The almost-glorious North Stars hockey run of ’91

With the 2011 NHL season nearing its final act (and the Minnesota Wild season a distant memory) MPR News editor Bill Wareham offers this remembrance of a time 20 years ago when professional hockey in Minnesota might have reached its peak.


I don’t pay much attention to NHL hockey anymore, but I did as a kid. My brother Pete and I were allowed to watch North Stars games past our bedtime on a tiny black-and-white TV with the sound turned down so we could listen to Al Shaver’s play-by-play on the radio. But the appeal diminished after I gave up playing the game in 9th grade (I played park board league, not traveling hockey like Pete and my other brothers.) And it’s never really returned.

Except for the spring of 1991.

I was reminded of that almost-glorious season by Rachel Blount’s recap of the North Stars’ improbable trip to the Stanley Cup finals in today’s Star Tribune.

As the closest thing MPR had to a sports reporter, the task of covering that post-season run fell to me. Twenty years later I realize how poorly I executed my duties, mostly providing straight ahead game coverage of what was truly a remarkable human interest story. In an attempt to partially rectify that oversight, here are some of the random thoughts that came flooding back while reading that story:

— “Cinderella story” is such an overused cliche, especially on the sports page, that I favor amending the 1st Amendment to forever ban its use. But the shoe fits the ’91 North Stars like few others. For crying out loud, their regular season record was 27 wins, 39 losses and 14 ties. Let that sink in for a sec, because it’s truly horrible. But by the end of the season they were playing really well and that carried into the post-season. They didn’t seem lucky, they seemed well-coached, moderately talented and confident. By the time the finals rolled around, it seemed natural that they were there.

— I realized by then that NHL hockey was a second-tier professional sport, but covering the North Stars really brought it home. Aside from owner Norm Green’s Rolls Royce parked inside the lower concourse, everything about the Met Center and the franchise seemed cheaper than the other sports I had covered. When the Penguins won and I was in their locker room trying to get interviews, I remember two distinct thoughts: 1) ‘I am in a champagne-soaked locker room with the freakin’ Stanley Cup;” and 2) ‘This place is really tiny and shabby. I’ve been in high school locker rooms much nicer than this.’ The home team’s locker room was better, but hardly luxurious.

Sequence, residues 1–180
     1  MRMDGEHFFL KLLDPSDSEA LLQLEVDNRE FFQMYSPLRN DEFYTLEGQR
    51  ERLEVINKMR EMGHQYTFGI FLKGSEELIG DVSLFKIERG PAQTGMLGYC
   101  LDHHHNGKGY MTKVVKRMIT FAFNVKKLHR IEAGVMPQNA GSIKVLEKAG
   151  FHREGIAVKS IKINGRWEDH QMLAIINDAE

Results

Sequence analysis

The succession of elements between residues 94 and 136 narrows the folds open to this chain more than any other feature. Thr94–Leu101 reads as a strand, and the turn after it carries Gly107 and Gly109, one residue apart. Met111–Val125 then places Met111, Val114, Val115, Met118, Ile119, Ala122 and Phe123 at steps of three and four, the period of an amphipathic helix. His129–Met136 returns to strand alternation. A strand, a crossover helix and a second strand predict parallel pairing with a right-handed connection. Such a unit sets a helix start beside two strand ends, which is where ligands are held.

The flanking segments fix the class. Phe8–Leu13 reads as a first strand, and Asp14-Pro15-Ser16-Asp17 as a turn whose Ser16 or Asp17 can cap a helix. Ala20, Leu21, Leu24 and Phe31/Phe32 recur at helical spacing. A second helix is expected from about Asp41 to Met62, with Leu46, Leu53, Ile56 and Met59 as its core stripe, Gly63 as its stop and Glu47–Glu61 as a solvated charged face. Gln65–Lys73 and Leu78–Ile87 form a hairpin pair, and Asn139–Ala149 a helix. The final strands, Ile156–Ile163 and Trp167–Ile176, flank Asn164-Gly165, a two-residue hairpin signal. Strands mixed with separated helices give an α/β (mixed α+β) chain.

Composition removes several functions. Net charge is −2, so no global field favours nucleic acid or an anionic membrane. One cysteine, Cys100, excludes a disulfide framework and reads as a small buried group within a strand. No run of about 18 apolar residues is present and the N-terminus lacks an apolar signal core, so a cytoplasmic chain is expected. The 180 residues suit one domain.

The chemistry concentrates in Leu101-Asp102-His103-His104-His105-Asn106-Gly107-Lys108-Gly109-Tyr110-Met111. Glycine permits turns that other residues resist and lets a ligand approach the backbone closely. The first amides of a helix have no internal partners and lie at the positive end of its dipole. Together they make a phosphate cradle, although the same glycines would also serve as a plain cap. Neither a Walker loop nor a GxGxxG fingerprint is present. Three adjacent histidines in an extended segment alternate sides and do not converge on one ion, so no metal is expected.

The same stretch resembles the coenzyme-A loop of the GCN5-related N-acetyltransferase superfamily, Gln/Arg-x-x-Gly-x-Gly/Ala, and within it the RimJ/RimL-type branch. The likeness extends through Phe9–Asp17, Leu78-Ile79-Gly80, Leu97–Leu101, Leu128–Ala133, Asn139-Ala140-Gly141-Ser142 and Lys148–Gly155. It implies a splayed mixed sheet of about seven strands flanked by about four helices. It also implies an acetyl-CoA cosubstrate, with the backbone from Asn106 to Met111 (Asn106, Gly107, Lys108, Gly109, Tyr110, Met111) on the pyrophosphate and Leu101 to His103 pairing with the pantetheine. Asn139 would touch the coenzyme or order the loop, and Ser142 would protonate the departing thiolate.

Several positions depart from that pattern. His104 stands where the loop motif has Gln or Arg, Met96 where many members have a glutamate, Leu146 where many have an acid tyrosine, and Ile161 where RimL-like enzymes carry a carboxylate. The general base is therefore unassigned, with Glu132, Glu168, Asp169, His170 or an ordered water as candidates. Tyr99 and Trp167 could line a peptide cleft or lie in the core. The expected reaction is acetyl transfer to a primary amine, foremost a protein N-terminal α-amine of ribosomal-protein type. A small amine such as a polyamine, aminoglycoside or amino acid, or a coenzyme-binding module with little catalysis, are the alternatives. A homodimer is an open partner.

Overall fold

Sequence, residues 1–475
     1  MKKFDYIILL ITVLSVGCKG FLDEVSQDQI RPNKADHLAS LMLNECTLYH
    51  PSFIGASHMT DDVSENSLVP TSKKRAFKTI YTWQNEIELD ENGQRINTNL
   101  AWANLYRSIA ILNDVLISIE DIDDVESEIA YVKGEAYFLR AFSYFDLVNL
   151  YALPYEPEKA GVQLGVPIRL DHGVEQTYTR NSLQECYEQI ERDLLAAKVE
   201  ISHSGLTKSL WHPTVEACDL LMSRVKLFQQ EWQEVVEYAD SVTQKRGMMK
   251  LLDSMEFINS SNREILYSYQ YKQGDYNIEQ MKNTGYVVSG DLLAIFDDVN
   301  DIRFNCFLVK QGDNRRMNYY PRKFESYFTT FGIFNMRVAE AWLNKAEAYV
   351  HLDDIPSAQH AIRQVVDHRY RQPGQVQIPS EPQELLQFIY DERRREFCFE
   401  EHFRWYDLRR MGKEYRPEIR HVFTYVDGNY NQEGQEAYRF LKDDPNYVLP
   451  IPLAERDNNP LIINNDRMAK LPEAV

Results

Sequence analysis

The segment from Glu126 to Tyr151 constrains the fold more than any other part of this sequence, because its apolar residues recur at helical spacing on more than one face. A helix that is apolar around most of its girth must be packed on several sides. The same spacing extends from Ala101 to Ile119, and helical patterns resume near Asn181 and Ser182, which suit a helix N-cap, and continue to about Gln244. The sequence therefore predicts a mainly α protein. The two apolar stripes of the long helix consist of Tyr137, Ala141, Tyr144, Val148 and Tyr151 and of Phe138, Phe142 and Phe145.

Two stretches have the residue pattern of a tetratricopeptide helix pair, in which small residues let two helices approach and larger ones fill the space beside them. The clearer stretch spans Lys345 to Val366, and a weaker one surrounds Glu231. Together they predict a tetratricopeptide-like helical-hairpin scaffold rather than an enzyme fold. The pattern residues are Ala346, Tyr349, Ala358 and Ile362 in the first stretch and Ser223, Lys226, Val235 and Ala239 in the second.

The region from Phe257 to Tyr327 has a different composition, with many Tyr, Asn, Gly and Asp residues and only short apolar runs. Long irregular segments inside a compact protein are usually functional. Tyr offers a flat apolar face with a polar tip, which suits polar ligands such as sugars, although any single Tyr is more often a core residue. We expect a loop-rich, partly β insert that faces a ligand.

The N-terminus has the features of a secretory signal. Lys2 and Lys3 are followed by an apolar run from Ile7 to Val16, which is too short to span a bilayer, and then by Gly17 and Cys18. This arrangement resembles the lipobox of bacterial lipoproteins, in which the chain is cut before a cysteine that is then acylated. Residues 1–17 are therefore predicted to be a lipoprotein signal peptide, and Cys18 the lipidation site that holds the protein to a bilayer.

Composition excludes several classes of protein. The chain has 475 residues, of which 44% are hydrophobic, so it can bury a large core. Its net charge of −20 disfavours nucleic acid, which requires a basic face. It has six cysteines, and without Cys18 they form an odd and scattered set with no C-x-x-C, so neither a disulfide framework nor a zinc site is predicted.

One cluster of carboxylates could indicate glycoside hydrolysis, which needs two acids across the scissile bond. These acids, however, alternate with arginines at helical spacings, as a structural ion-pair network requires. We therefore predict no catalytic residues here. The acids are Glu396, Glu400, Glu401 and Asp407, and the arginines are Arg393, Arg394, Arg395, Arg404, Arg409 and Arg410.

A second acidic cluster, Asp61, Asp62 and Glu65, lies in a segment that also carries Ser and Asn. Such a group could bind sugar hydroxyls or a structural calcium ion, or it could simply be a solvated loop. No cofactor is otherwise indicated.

— As if to confirm my sense that pro hockey was not on the same level with, say, pro football, baseball and basketball, or even college basketball and football, a certain longtime sports columnist who seemingly knows every athlete in the state turned to me in that Penguins locker room to ask the identity of a player a couple of feet from us. It was Larry Murphy, who had been traded from the North Stars earlier that season after a couple years on the squad. Apparently, not worthy of close personal friendship.

— The North Stars people were great. Pro sports teams are typically ambivalent or worse to media outlets that don’t cover them regularly. I found the North Stars to be an exception to that rule. From PR director Joanie St. Peter to coach Bob Gainey to the players, they treated me well. There was little of the arrogance I found in other locker rooms. I recall a player striking up a conversation with me (was it Stewart Gavin? Basil McRae?) about Elvis Costello after one practice. He was just a guy who wanted to talk music, who happened to be in the middle of the Stanley Cup finals.

— There are a handful of moments that will always stick with me as a reporter, and one of them is standing over Neal Broten, slumped in his locker cubicle after Game 4, staring at an invisible point somewhere beyond the handful of reporters waiting for him to say something about a missed breakaway opportunity earlier that night. Broten was one of the finest puck handlers I’ve ever seen, a member of the 1980 Miracle on Ice Olympic team and, on top of everything, seemed to be a nice guy.


Neal Broten

The Penguins had jumped out to a lead in Game 4, but the Stars clawed back. When Broten missed that opportunity, though, you could feel the barometric pressure change in the building. The fancy coach had turned back into a pumpkin and everyone in Met Center seemed to realize it. So, waiting for Broten to acknowledge that moment and say something profound about it was one of the most painful things I’ve endured. Yes, in a week when people have died and families been scattered by a tornado I am painfully aware of how inconsequential a hockey game is, even if it’s a Stanley Cup final game. So, I’m a little embarrassed to admit it, but my still stomach knots up just thinking about that missed goal and Broten’s distant stare.

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